How Does Scoring Work In Breakdancing?

How Does Scoring Work In Breakdancing

In breakdance competitions, scoring is provided by a panel of judges who vote on which competitor gives a better performance in a one-on-one matchup. Breakdancing, an exciting form of hip-hop dancing that originated in New York City in the 1970s, will be introduced as an Olympic sport at the 2024 Summer Olympics in Paris. Read on to learn all about scoring in competitive breaking.

Breakdancing Scoring

Though many people may not think of breakdancing as a sport, it has come a long way in the past several years, especially in places like Russia, Japan, and China. Dance moves first seen in city parks and clubs in New York are now part of the competitive dance sport of “breaking.” Breaking has its own unique scoring system, where a panel of judges scores each dancer based on several criteria and then votes on which dancer they think is better.

Olympic Format and Scoring

The Olympic format and scoring system for breaking was developed for the 2018 Youth Olympics, where the sport made its debut. Dancers, or “breakers,” go head-to-head and are judged comparatively by a panel of five judges. The breakers alternate sets, or “throw-downs,” of 60 seconds of breaking to music supplied by a house DJ (the breakers do not get to select their own music).

Generally, a competition between two breakers will comprise between two and five throw-downs. Since dancers alternate turns, part of the art of breaking involves responding to the previous breaker’s performance and trying to one-up them in certain aspects of the routine.

Olympic Scoring Criteria

After each throw-down, the judges cast a silent vote on which breaker they think performed better. To arrive at their conclusion, the judges utilize three categories: mind, body, and soul, further broken down into six criteria:

  • Creativity
  • Personality
  • Technique
  • Variety
  • Performativity
  • Musicality

Olympic Judging Process

As the breakers progress through the different aspects of a throw-down, known as “top rock”, “down rock,” “power moves,” and “freeze,” the panel of judges evaluates their performance in each category. Although the judges may use numerical scores to keep track of their evaluations, they do not report any numbers to the audience. Rather, they simply cast a vote for their choice of which breaker was victorious in each round.

This judging system of three categories, called “Trivium,” was developed by two world-famous breakers, Kevin “Renegade” Gopie and Niels “Storm” Robitzky. The creators designed the system to ensure fairness and objectivity while still carrying forward the creative spirit of breaking.

As in other judge-scored competitions, like figure skating and diving, the problem of biased or unfair judges is always a concern. Using clear, defined scoring criteria such as the Trivium system helps alleviate concerns over the judges’ influence.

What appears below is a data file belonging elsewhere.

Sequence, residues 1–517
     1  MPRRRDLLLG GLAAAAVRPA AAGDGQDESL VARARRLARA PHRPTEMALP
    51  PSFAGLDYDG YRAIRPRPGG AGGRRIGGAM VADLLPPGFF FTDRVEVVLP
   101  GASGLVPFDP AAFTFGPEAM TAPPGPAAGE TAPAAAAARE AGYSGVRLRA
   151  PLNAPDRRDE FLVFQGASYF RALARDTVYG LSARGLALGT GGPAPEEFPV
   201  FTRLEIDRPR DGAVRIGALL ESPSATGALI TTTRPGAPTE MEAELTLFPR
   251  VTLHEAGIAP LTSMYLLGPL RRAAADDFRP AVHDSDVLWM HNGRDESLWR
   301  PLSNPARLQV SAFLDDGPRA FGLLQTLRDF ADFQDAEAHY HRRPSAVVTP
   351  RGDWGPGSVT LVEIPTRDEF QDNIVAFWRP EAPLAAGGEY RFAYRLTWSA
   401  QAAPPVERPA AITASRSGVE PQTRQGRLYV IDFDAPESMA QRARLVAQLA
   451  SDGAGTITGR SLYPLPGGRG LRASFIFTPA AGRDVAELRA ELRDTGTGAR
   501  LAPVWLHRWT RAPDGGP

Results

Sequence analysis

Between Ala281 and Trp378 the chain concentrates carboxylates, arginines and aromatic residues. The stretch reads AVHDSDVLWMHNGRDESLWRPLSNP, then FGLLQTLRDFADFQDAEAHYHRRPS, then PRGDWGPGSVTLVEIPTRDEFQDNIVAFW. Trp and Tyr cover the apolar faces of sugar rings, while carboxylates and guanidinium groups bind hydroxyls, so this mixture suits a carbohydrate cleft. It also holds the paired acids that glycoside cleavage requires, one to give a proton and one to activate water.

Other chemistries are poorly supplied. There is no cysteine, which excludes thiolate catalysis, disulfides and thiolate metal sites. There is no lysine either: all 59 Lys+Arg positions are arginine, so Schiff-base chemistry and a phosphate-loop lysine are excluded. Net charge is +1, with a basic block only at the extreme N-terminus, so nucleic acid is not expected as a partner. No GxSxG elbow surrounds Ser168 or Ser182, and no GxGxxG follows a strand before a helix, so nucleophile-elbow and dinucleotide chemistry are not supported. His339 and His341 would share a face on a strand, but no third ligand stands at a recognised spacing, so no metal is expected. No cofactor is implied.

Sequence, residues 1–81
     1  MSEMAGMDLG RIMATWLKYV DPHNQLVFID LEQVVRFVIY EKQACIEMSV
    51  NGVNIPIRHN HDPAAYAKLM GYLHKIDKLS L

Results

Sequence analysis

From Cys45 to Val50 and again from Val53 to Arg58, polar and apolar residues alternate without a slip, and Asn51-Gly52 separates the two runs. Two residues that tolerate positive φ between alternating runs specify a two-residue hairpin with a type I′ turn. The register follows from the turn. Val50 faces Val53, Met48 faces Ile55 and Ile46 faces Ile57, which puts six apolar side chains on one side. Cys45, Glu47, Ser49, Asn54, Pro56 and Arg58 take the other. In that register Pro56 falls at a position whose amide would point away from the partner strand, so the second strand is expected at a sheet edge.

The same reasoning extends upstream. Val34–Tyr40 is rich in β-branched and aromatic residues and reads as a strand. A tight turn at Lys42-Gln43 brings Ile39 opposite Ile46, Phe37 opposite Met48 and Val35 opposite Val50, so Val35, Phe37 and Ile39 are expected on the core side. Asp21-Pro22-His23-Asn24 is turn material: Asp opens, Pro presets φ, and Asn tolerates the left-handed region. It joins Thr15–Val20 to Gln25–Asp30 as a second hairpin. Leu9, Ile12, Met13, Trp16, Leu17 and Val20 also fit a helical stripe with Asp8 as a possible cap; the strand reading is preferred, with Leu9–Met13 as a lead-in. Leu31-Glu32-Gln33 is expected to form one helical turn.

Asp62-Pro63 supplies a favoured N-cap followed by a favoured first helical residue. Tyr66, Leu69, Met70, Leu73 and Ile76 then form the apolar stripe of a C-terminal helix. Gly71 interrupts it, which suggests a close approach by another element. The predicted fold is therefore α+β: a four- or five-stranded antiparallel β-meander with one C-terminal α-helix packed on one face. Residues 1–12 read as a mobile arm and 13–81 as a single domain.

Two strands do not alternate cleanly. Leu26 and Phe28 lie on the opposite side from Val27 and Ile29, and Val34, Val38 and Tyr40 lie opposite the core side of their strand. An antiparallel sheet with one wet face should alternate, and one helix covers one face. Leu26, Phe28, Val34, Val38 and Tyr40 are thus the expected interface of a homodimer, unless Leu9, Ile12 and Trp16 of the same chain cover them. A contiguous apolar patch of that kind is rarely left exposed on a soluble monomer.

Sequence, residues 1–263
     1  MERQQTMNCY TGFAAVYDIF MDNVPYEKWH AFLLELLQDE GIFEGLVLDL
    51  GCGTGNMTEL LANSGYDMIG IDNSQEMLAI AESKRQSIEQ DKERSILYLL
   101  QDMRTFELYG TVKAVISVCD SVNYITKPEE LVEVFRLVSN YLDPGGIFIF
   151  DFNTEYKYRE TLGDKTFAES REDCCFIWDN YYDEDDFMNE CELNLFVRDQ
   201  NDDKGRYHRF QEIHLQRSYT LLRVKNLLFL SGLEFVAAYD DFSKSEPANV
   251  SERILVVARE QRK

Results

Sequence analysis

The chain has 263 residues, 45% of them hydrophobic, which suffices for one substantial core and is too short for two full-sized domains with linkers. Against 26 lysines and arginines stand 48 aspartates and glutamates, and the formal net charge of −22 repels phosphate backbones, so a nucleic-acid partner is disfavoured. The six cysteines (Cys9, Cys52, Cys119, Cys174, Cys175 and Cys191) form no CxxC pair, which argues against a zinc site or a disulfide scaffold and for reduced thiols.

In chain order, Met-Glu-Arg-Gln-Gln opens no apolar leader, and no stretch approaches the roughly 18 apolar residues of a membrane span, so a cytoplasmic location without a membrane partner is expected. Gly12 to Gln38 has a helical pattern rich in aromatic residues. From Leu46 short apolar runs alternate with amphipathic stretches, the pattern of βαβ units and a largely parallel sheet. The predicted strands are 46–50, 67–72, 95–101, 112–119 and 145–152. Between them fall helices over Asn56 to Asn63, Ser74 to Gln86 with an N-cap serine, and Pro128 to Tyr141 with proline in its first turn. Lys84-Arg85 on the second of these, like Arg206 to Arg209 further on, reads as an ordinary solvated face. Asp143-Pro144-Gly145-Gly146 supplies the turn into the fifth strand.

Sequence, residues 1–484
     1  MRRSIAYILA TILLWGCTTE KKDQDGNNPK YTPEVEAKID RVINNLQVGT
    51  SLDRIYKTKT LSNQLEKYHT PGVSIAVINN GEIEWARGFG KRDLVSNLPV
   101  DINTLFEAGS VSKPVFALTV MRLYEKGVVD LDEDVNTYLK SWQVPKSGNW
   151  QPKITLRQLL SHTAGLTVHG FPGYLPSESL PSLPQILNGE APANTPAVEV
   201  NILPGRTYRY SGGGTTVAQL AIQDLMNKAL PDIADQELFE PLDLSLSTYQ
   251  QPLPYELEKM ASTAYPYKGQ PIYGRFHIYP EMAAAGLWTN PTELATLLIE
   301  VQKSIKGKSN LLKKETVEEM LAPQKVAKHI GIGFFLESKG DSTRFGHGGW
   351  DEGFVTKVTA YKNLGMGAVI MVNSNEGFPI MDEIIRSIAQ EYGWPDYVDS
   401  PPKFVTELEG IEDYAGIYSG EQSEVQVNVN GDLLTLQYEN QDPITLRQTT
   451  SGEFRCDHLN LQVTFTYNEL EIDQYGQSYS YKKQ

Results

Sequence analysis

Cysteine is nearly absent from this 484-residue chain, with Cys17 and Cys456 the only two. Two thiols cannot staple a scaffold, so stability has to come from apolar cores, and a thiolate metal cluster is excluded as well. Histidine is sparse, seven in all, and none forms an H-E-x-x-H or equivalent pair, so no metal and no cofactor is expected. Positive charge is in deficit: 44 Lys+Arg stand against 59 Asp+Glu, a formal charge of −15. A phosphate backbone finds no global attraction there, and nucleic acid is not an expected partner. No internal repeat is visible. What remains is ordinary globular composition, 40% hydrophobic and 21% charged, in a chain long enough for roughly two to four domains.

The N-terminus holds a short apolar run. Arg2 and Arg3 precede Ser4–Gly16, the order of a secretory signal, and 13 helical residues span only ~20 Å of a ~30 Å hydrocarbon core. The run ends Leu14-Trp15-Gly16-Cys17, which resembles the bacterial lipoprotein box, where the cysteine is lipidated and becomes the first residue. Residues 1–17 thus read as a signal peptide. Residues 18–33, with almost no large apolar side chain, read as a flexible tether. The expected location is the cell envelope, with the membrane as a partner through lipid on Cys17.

Also, breakdancing is scored comparatively, not absolutely, which means the judges only have to consider which breaker was superior to the other in a certain category. This makes the scoring simpler and more transparent.

USA Breakin’

The American governing body of breaking, USA Breakin’, has a slightly different scoring system. In the USA Breakin’ system, called B-Score, there are six categories:

  • Top Rock
  • Footwork
  • Freezes
  • Power Moves
  • Transitions
  • Other

B-Score System

In each of these categories, the breakers are scored from 1-10 by a panel of judges. Whoever gains the highest total score wins the throw-down. Also, the B-Score system contains rules for team (two-on-two) matchups, where teammates’ scores are added together. The Olympic Trivium score system does not include team competitions.

The B-Score system allows the judges to specifically rate breakers in the six specific technical categories. This is the major difference from the Trivium system, which is based on more broad, interpretive criteria.

One reason for the distinction is that the Olympic committee desired a simplified, easier-to-understand scoring system. The B-Score’s use of specific technicalities and numerical reporting was thought to be too complex for new audiences. As a result, the Trivium system was developed to be easier to comprehend for those new to the sport.


How do you score points in breakdancing?

In the Olympic scoring system, there are no points awarded like in other judged competitions like figure skating and diving. Rather, the judges simply compare the two breakers to each other and decide which one was better. In order to do this, they use a scoring system called Trivium, which includes several criteria to categorize the evaluation of the breakers. The judges use these criteria to compare the competitors and cast their vote for who they think outperformed the other.

What are the judging criteria in breakdancing?

In Olympic breakdancing, officially called “breaking,” there are three categories of criteria and a total of six aspects that are considered by the judges. The first category is “body,” which corresponds to the physical moves performed (“technique” and “variety”). Secondly is “mind,” having to do with being creative and responding to the opponent’s routine (“creativity” and “personality”). Finally comes “soul,” which represents style and dramatism (“performativity” and “musicality”). The judges evaluate based on the six criteria and vote on the winner in a head-to-head matchup of two breakers.